When You Don’t Want to Go for a Ride…because of all the barking. Part IV of our canine car series, “Barking in the Car”

Barking in the car is a common concern for pet owners. Since my last entries have been exceptionally long, I’ll try to keep this one relatively short!

Recently, friend and colleague Jules Nye of Sit, Stay, and Play joined us on the Rewarding Behaviors forum to discuss the topic of barking. Treating barking in the car is much like treating any other barking issue, with the addition of a few new considerations.

Visit the forum thread from Jules’ week as expert to learn why dogs bark and for techniques which may help you address your dog’s barking.

Jules also made a fantastic video to share with our forum members on teaching a dog the paired cue of “Bark/Quiet.” Check it out!

For a great short read on the topic of barking from one of my favorite training authors, pick up a copy of Turid Rugaas’s Barking: The Sound of a Language available online from www.dogwise.com.


  • If your dog is barking because of fear, consider using the calming techniques mentioned in Part III of the series, No Way Do I Want to Go for a Ride!, which is full of tips on teaching your dog to get into and out of the car in a relaxed, confident manner and settle into relaxation once inside the car.  While you can certainly use the bark training techniques Jules mentioned on the forum, if the barking is a symptom of anxiety it may very well go away once the underlying cause has been addressed (or at least reduce in frequency and intensity).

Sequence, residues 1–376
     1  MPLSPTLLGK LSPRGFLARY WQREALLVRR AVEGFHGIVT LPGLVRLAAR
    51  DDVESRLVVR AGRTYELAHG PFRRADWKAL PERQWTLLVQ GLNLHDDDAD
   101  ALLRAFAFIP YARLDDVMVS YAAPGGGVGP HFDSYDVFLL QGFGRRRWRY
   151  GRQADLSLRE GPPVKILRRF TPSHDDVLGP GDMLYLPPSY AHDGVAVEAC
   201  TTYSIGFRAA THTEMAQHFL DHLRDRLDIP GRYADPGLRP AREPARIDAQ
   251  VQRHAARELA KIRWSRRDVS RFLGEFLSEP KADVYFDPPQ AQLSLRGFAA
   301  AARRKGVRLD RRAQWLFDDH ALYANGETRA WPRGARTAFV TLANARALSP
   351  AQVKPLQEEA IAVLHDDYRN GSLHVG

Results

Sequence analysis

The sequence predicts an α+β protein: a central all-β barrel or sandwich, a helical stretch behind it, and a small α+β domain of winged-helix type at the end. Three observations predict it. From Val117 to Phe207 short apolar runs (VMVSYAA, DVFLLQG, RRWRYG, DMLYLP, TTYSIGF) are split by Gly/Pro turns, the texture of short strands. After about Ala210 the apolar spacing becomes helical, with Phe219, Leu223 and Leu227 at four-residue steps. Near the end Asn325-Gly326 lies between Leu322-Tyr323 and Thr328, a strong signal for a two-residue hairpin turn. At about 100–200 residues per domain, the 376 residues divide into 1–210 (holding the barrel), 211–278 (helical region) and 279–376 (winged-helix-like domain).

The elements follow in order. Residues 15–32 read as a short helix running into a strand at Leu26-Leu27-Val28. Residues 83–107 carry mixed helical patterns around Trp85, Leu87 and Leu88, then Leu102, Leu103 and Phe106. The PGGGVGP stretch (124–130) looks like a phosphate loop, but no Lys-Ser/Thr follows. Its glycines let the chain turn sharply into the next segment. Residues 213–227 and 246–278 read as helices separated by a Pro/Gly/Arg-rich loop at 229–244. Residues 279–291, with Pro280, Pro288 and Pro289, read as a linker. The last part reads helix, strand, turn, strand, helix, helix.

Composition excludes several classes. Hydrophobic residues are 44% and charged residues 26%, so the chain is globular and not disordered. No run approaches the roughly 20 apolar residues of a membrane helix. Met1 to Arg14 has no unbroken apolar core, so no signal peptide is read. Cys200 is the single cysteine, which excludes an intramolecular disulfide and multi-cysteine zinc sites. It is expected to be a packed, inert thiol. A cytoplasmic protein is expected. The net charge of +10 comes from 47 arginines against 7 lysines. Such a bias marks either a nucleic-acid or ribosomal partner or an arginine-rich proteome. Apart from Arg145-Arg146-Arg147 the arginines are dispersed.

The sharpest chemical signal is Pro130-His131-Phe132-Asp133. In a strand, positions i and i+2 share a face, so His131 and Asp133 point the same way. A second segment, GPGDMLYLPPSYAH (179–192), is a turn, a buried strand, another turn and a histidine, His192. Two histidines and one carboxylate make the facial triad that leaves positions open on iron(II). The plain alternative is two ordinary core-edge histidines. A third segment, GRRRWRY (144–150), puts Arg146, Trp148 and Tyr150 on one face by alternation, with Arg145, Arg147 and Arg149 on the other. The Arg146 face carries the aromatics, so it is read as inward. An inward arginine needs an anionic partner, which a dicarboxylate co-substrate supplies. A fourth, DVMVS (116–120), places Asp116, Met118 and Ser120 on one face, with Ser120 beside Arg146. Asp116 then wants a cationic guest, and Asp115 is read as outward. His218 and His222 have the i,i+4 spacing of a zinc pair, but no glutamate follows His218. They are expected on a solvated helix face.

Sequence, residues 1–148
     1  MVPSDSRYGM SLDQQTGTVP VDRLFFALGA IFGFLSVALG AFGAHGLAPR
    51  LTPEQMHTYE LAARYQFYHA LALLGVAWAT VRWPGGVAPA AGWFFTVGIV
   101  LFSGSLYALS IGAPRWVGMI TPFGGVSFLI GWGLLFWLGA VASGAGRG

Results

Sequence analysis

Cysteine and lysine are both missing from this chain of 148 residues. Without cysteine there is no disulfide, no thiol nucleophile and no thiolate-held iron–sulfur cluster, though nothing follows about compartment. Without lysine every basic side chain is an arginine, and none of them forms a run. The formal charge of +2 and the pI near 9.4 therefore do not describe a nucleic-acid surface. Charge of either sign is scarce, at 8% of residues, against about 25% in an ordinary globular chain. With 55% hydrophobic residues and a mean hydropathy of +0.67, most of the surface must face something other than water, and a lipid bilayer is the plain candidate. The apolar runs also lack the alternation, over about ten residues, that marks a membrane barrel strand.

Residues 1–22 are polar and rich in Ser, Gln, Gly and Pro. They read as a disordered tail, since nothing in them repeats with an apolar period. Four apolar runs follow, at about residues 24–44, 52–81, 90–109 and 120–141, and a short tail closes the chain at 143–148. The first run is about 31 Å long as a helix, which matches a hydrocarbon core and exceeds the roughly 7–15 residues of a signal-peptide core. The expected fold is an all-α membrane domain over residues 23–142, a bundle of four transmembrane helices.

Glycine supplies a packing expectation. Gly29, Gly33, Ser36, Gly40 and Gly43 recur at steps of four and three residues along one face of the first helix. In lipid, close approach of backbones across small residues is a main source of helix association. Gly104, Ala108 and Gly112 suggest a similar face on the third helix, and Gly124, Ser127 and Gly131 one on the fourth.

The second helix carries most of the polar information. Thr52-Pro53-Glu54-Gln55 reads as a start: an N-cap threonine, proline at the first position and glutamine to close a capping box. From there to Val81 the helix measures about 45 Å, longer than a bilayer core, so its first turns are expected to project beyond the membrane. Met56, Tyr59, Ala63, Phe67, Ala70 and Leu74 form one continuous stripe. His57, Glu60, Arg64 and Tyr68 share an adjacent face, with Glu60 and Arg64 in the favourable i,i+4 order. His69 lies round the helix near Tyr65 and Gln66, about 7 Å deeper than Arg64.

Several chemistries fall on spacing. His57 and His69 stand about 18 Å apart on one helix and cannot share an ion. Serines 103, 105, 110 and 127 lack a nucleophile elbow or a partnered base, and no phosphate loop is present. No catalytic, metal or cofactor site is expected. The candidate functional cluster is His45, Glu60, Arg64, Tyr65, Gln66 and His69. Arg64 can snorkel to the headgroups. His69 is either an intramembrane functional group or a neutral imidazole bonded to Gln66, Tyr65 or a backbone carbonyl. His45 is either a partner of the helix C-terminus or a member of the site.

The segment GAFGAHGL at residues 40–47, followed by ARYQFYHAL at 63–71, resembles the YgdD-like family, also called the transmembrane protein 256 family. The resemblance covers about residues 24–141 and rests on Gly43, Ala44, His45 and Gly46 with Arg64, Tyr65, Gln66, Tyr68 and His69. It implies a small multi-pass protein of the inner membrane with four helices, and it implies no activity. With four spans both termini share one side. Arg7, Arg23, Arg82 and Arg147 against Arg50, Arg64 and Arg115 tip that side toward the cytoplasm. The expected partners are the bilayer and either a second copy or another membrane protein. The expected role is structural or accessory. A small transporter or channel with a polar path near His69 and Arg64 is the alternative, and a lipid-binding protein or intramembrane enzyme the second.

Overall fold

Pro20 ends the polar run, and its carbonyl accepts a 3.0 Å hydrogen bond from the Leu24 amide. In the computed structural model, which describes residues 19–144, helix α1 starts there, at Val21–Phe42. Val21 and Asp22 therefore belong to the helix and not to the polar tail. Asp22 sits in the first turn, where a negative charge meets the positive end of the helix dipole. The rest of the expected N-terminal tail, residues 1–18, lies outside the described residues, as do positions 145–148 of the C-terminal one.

• You may need a friend to help you with these exercises.  Turning around in the car to treat your dog can be dangerous and cause a vehicle accident.
  • If your dog reacts to specific stimulus while in the car (people, other animals, etc.), practice first in a number of environments with the car parked and turned off before you begin practicing while traveling.
  • If you are not able to train your dog while driving, use management tools – a covered crate, an appropriately desensitized Calming Cap to reduce your dog’s visual stimuli, even those shades meant to protect babies riding in the car from the sun’s hot glare.
  • If you do not have a helper, consider using a Manners Minder, which is a remote-control treat dispensing training aid.
  • Practice “Look at That” from Leslie McDevitt’s fantastic book Control Unleashed. This exercise is basically using the clicker to classically condition a new emotional response to whatever triggers your dog’s barking.
  • Make sure your dog is well-exercised before car rides.
  • If you feel as though your dog’s barking behavior compromises your ability to drive safely, consult with a well-qualified behavior professional right away.

Again, this is a rather short entry to cover the topic, but with the barking resources and tips provided, you should be well on your way to enjoying a quiet, peaceful ride in the car with your favorite dog!

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